A look at America's relationship with debt describes how American industrial and financial communities' speculative frenzy in the 1980s has brought about today's weak economy.
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The 1980s witnessed a lemming-like rush into the sea of debt on the part of the American industrial and financial communities, with consequences we are only beginning to appreciate. But the speculative frenzy of the eighties didn't just happen. It was the culmination of a long cycle of slow relaxation of credit practices--the subject of James Grant's brilliant, clear-eyed history of American finance. Two long-running trends converged in the 1980s to create one of our greatest speculative booms: the democratization of credit and the socialization of risk. At the turn of the century, it was almost impossible for the average working person to get a loan. In the 1980s, it was almost impossible to refuse one. As the pace of lending grew, the government undertook to bear more and more of the creditors' risk--a pattern, begun in the Progressive era, which reached full flower in the "conservative" administration of Ronald Reagan. Based on original scholarship as well as firsthand observation, Grant's book puts our recent love affair with debt in an entirely fresh, often chilling, perspective. The result is required--and wickedly entertaining--reading for everyone who wants or needs to understand how the world really works.From Kirkus Reviews:
To Grant, ``money of the mind'' is credit, and here he offers an entertaining as well as instructive chronicle of its near- ruinous emergence in the US. As the author of Bernard M. Baruch (1983) and publisher of a highly regarded newsletter on interest rates, Grant has the scholarly savvy to sift through the complex developments that have shaped American capitalism. He argues, for example, that the speculative excesses of the 1980's represented the culmination of a protracted cycle of increasingly easier credit, not spontaneous phenomena. According to Grant (a sound-money man by conviction), a pair of long-running trends--the democratization of credit and the socialization of risk--converged to create an unprecedented boom during the Reagan years. At the turn of the century, he points out, it was almost impossible for wage earners to borrow; during the past decade, they were invited, even implored, to do so. While US debt spiraled upward in the form of installment loans, junk bonds, mortgages, retail charge accounts, and allied obligations, the federal government accepted greater amounts of the risk (e.g., via deposit insurance) that used to be borne by creditors, an accommodation that Grant dates back to the Progressive Era. With both wit and perception, he lards his narrative with anecdotal accounts of yesteryear's seers and sinners, plus cautionary tales of their latter-day counterparts. In addition to such contemporary celebrities as Michael Milken, David Rockefeller, and Walter Wriston, he profiles less familiar figures from the past--Sewell Avery, George F. Baker, George Champion, James Stillman, et al. A substantive and accessible perspective on how the financial world really works, offering as its moral the unhappy reminder that all pipers eventually must be paid. -- Copyright ©1992, Kirkus Associates, LP. All rights reserved.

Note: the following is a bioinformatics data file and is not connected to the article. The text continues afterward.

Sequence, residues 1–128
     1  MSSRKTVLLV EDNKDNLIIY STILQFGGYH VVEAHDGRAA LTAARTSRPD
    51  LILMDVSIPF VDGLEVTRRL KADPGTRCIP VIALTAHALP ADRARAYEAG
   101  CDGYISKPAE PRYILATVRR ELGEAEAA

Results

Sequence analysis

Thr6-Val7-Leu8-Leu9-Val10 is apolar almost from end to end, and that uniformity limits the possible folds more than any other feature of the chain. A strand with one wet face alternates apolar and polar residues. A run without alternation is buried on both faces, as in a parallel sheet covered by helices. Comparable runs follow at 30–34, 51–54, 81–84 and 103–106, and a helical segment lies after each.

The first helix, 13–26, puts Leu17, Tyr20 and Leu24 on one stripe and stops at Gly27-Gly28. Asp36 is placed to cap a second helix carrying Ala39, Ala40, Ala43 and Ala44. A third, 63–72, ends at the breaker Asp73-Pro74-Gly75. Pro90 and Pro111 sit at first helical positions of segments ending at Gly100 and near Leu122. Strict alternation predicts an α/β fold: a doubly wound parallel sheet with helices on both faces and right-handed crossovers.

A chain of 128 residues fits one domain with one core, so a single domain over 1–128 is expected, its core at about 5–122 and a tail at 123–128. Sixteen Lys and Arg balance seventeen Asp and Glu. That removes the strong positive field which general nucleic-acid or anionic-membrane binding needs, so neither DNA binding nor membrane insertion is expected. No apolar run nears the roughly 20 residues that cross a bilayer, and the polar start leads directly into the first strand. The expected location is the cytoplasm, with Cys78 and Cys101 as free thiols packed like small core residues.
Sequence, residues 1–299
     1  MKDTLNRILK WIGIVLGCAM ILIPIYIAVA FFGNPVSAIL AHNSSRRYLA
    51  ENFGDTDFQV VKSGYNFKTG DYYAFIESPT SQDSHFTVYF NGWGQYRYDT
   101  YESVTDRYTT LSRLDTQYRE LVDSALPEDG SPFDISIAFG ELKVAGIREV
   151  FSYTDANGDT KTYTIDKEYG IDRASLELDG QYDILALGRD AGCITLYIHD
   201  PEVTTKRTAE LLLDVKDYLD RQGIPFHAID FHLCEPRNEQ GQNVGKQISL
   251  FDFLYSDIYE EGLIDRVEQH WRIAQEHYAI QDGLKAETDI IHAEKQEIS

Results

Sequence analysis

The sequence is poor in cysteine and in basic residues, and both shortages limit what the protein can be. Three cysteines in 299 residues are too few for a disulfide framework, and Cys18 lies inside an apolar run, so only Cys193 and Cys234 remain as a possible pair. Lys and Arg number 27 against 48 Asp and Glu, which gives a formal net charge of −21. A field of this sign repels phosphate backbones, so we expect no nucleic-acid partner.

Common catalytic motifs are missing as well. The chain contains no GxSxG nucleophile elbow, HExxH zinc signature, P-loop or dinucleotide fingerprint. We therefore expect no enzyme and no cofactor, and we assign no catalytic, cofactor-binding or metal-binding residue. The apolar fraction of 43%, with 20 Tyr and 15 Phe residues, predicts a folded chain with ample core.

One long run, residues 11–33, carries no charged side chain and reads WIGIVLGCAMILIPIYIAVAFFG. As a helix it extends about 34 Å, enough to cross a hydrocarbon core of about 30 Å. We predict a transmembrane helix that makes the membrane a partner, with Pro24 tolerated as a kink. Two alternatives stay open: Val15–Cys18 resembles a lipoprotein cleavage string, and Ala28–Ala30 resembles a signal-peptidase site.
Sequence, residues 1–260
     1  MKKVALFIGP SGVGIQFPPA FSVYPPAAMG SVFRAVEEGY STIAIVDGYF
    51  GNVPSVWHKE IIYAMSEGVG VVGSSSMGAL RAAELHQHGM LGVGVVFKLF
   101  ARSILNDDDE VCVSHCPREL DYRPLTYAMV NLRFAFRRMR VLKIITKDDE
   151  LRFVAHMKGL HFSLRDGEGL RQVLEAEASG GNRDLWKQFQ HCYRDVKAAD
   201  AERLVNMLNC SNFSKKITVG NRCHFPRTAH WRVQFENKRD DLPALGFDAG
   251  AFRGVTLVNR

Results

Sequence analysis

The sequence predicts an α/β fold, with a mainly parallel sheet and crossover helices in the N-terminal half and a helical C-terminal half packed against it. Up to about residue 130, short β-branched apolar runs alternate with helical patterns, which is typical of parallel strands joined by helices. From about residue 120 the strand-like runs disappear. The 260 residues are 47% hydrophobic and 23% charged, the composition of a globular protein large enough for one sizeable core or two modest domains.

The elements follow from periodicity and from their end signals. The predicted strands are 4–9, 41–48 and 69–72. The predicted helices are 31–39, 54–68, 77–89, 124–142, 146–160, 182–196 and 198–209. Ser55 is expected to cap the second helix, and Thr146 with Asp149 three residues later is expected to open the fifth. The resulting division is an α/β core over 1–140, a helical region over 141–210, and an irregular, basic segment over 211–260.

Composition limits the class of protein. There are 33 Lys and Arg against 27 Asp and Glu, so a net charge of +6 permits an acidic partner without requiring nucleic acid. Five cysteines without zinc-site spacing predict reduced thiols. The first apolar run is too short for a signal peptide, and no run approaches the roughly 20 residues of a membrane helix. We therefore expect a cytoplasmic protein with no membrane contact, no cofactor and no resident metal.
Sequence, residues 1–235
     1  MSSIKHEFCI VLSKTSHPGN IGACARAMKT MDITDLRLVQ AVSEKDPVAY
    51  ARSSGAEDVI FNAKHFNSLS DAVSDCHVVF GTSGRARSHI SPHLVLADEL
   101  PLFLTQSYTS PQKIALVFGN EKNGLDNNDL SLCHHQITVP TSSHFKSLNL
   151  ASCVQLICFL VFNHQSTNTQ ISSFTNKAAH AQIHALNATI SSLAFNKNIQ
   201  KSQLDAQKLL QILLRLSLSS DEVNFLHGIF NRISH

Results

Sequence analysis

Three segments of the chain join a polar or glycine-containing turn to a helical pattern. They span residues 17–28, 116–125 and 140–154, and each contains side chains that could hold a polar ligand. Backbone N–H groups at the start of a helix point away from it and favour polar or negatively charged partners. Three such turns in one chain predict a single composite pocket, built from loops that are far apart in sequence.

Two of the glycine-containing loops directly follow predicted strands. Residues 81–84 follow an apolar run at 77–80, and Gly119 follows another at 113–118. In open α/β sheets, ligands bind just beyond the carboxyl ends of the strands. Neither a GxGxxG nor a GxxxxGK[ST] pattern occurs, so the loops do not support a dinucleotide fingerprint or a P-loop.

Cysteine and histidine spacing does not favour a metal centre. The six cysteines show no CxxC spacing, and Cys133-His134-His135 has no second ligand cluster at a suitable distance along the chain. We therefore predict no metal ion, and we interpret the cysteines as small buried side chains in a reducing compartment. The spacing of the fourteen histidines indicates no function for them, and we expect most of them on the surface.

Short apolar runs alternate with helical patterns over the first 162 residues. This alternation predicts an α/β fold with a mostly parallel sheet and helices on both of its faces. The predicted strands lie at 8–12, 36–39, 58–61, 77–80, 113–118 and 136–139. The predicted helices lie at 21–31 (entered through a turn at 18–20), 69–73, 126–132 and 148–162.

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Descripción Farrar Straus & Giroux (T), 1992. Hardcover. Estado de conservación: New. Never used!. Nº de ref. de la librería P110374169799
Descripción Farrar Straus & Giroux (T), 1992. Hardcover. Estado de conservación: New. book. Nº de ref. de la librería M0374169799
Descripción Farrar Straus & Giroux (T). Hardcover. Estado de conservación: New. 0374169799 New Condition. Nº de ref. de la librería NEW7.0113229
Descripción Farrar Straus & Giroux (T), 1992. Hardcover. Estado de conservación: New. Nº de ref. de la librería DADAX0374169799